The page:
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Tuesday, July 28, 2015

Diplomacy: An Essential Leadership Quality

    



    Donald Trump has struck a chord with many Americans who like his straight-talk approach to issues that matter to them.  While exciting some, he is simultaneously causing intense agony for others--especially in his own party.  As much as he's brought a freshness to dealing with topics in a direct manner--saying what some Americans have said in their homes, protest gatherings, and in town hall meetings--he has crossed lines in how he makes his comments.  Sometimes being too direct can have a counterproductive effect.  He turns some on and turns some off.  He gets cheers, and he gets jeers.  He draws some to him while alienating others.  We know this is to be expected for anyone running for political office.  A political leader simply can't satisfy all people.  He or she will always frustrate someone.  But Trump has created a dichotomy in his forward speeches by drawing high levels of adoration and mounting levels of animosity and hatred.  Here's why:
    One essential quality every great leader must possess is diplomacy.  Being direct is necessary and important in leading an organization or team.  People appreciate disposing of all the fluff and getting to the point.  But they also appreciate empathy and civility.  Comments without attacks and judgment are necessary to move negotiations forward in a productive manner.  Leaders who come across too strongly in sensitive situations are an immediate turn off, and discussions can stall.  Great leaders should be savvy enough to know when to push forward and when to pull back.  People like Trump need to be able to show that he can sit in a summit with other powerful leaders and not cause a war.  Diplomacy requires thoughtfulness and self control. There is no room for communications blunders in high stakes conversation--no room for childish name-calling, unfounded accusations, tantrums, and divisive speech.
    Here are three things a diplomatic leader does well:

  1. Remain aware of his or her surroundings so that communications and actions can be tempered to meet the situation.
  2. Recognize that timing matters in delivering news of importance, and patience is critical to making an appropriate impact.
  3. Consider tone, word choice, and body language when speaking on matters of import.
     Even if you don't lead a team, diplomacy is necessary in all communications.  Practice and master this skill for greater success in building professional networks and relationships.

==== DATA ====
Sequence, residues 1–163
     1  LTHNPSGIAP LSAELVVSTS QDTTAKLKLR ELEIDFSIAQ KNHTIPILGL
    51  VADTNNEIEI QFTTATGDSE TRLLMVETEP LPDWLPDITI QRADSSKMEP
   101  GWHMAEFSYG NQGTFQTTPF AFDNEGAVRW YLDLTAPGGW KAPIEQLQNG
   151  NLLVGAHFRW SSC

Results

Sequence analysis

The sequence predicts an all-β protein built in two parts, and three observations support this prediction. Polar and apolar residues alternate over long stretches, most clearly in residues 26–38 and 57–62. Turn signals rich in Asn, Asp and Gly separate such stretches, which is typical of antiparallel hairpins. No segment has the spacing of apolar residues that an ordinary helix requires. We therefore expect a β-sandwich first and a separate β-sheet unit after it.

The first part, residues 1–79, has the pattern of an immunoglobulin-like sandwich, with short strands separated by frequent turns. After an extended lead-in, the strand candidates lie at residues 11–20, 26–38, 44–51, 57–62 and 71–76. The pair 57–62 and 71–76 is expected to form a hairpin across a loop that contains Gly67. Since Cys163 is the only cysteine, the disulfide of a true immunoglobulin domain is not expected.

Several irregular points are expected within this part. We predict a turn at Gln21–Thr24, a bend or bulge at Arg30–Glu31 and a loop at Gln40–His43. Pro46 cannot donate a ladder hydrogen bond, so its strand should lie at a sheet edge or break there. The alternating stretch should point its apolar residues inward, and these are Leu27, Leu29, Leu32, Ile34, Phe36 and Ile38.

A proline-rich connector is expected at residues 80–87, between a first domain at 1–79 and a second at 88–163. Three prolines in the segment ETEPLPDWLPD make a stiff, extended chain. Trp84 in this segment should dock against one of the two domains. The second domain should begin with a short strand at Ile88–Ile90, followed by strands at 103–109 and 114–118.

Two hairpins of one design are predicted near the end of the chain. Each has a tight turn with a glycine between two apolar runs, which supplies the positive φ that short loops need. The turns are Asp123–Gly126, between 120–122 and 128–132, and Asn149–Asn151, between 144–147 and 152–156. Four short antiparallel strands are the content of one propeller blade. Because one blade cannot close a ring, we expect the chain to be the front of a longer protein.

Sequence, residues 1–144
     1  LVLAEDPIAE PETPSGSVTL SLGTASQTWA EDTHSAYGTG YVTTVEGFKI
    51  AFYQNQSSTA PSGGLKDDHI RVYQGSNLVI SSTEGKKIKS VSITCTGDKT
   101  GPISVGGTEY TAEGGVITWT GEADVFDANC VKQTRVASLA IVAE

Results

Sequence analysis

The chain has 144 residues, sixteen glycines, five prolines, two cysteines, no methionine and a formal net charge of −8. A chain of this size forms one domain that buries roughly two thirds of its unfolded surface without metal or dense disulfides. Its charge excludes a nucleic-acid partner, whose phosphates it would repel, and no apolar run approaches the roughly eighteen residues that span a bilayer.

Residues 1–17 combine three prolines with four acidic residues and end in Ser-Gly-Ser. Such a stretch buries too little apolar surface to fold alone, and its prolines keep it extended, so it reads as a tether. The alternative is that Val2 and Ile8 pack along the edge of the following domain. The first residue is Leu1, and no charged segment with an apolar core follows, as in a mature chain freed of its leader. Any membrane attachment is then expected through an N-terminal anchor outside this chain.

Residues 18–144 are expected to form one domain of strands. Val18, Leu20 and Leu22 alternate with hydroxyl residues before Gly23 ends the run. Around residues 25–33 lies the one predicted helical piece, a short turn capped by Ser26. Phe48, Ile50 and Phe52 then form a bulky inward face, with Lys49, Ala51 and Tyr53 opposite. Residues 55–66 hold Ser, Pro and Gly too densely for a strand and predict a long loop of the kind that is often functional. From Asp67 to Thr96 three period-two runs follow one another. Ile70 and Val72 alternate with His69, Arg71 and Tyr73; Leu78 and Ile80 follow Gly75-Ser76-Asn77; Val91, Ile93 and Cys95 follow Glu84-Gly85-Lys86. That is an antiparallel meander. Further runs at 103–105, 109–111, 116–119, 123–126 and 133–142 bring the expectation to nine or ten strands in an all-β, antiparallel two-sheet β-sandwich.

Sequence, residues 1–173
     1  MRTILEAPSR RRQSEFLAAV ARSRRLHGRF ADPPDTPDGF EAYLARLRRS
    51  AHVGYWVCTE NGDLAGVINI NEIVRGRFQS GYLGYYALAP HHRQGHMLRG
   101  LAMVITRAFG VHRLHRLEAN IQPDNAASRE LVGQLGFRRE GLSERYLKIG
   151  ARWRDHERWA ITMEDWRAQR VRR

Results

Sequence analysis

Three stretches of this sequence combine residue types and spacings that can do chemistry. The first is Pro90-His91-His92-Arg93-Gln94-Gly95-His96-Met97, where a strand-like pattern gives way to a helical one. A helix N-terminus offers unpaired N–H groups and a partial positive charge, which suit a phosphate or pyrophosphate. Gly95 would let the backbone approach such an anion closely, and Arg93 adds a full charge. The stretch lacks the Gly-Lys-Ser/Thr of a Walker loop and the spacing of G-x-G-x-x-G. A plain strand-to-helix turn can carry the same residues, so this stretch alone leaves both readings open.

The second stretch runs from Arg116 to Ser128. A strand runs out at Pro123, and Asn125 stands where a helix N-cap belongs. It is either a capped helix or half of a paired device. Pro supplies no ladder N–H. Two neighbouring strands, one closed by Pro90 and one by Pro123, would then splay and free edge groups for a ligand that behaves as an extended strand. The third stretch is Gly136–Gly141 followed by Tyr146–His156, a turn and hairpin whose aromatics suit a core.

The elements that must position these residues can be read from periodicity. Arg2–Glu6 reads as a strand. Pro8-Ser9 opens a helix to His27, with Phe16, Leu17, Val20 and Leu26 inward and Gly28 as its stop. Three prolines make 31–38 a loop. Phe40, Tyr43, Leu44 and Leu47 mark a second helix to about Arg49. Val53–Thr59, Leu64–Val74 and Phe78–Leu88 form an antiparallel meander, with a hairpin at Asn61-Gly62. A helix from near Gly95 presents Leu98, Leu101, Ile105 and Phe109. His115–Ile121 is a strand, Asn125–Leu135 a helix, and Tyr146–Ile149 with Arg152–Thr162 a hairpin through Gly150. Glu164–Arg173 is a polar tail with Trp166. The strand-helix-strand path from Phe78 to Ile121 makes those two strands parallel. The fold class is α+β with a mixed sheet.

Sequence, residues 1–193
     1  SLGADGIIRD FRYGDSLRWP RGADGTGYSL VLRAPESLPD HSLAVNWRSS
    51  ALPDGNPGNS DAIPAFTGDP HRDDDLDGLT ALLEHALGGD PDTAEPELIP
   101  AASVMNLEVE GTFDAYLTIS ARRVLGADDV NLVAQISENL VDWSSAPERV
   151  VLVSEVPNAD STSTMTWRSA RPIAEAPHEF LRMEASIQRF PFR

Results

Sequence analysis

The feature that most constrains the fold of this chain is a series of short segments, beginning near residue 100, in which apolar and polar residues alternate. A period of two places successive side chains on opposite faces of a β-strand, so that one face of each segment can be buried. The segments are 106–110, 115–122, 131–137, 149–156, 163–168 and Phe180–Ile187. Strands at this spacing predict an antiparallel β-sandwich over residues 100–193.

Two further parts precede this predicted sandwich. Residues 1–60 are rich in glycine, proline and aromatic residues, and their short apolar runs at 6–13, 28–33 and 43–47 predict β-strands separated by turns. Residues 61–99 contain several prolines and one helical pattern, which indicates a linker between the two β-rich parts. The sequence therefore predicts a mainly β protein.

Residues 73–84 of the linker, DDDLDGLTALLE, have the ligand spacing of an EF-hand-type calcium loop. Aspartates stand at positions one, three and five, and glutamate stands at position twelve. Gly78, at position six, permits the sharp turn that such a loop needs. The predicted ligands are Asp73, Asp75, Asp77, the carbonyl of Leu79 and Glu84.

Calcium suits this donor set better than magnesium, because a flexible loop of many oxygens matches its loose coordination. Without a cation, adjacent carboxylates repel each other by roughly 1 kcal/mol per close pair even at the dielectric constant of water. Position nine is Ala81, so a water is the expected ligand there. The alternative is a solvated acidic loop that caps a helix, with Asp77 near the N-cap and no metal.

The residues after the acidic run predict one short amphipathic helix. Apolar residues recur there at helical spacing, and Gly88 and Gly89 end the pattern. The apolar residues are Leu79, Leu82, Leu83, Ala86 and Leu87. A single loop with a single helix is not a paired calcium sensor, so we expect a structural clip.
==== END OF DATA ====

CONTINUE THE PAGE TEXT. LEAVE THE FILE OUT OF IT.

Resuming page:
Thursday, July 2, 2015

The World You Create

"Jeri's a great manager.  Just ask her.  She'll tell ya."

Feedback from others is priceless.  If we can allow ourselves to be vulnerable enough to receive it, we can hear valuable information that can help us transform into the people we ought to be or who we never thought we could be.  But we don't ask.  And why not?  Because we are afraid.  Why are we afraid?  Because we tend to think greater of ourselves than we ought, and anytime anyone sticks a pin in our inflated view of us, we get upset.  Just ask Jeri.

Jeri is the director of an organization in which I was called to coach because she had created a hostile environment for herself and her team.  I discovered that she had distributed a survey to her staff to find out what kind of job they felt she had been doing as their leader.  Apparently, she thought she was doing a fine job and went in feeling confident that they would agree.  But when the results came back, the team had drawn a completely different picture.  Jeri was shocked by their responses--and appalled.  But instead of seeking the value in the feedback and finding consensus about her behavior, she became angry.  She developed a retaliatory attitude (proving one of the complaints they had), and she intimidated everyone into silence.

Had she approached the feedback in a more constructive way--because receiving feedback constructively is just as important as giving it constructively--she would have found a treasure trove of information that could have helped her to be as good as she thought she was.  Unfortunately, she missed an incredible opportunity.  Now, she will never get that chance again.  The value of any subsequent information will be close to useless because her team will no longer be honest with her.  She will continue to believe she's an exploding star when she's actually a white dwarf (a dying star; burnt out).

So here are three things everyone should consider upon self-examination:

1)  There's always room for me to improve no matter how great I think I am.  Therefore, I am going to take an assessment like a 360-degree survey and hear what people all around me see in me.  When I receive the feedback, I will look for ways to challenge myself to change in those areas that are negatively impacting my growth.

2)  Once I receive 360-degree feedback, I will seek out people whose opinions matter to me, and I will ask them for their unadulterated assessment on those weak areas in me.  I will not grow angry but try to remain curious about my own behavior.

3)  I will allow myself to be vulnerable to all valuable feedback.  I will not retaliate or beat myself up.  I will look for growth opportunities, and I will do something about me.  I will face myself honestly, and thank the person for helping me to excel.

Try these and watch your environment change around you.  With a panoramic view of you, you can impact your world extensively.